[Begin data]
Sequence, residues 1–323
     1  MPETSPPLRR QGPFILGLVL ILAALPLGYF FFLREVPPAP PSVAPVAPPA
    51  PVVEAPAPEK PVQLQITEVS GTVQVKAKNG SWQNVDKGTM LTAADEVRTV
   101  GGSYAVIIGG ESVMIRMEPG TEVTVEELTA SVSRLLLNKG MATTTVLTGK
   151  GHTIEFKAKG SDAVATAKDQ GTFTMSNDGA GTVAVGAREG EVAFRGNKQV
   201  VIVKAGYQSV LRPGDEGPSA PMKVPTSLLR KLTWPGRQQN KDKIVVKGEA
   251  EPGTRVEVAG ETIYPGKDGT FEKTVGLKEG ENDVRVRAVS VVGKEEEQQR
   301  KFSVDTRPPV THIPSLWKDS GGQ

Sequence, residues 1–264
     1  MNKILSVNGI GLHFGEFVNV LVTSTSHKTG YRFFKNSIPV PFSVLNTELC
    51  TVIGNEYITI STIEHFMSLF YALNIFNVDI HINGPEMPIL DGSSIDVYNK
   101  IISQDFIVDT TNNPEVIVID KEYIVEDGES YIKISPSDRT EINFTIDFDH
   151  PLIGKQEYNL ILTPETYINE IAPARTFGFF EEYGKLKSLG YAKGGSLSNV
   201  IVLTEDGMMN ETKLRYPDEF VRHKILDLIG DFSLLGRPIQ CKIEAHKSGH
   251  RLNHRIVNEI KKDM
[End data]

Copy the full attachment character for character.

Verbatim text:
Sequence, residues 1–323
     1  MPETSPPLRR QGPFILGLVL ILAALPLGYF FFLREVPPAP PSVAPVAPPA
    51  PVVEAPAPEK PVQLQITEVS GTVQVKAKNG SWQNVDKGTM LTAADEVRTV
   101  GGSYAVIIGG ESVMIRMEPG TEVTVEELTA SVSRLLLNKG MATTTVLTGK
   151  GHTIEFKAKG SDAVATAKDQ GTFTMSNDGA GTVAVGAREG EVAFRGNKQV
   201  VIVKAGYQSV LRPGDEGPSA PMKVPTSLLR KLTWPGRQQN KDKIVVKGEA
   251  EPGTRVEVAG ETIYPGKDGT FEKTVGLKEG ENDVRVRAVS VVGKEEEQQR
   301  KFSVDTRPPV THIPSLWKDS GGQ

Sequence, residues 1–264
     1  MNKILSVNGI GLHFGEFVNV LVTSTSHKTG YRFFKNSIPV PFSVLNTELC
    51  TVIGNEYITI STIEHFMSLF YALNIFNVDI HINGPEMPIL DGSSIDVYNK
   101  IISQDFIVDT TNNPEVIVID KEYIVEDGES YIKISPSDRT EINFTIDFDH
   151  PLIGKQEYNL ILTPETYINE IAPARTFGFF EEYGKLKSLG YAKGGSLSNV
   201  IVLTEDGMMN ETKLRYPDEF VRHKILDLIG DFSLLGRPIQ CKIEAHKSGH
   251  RLNHRIVNEI KKDM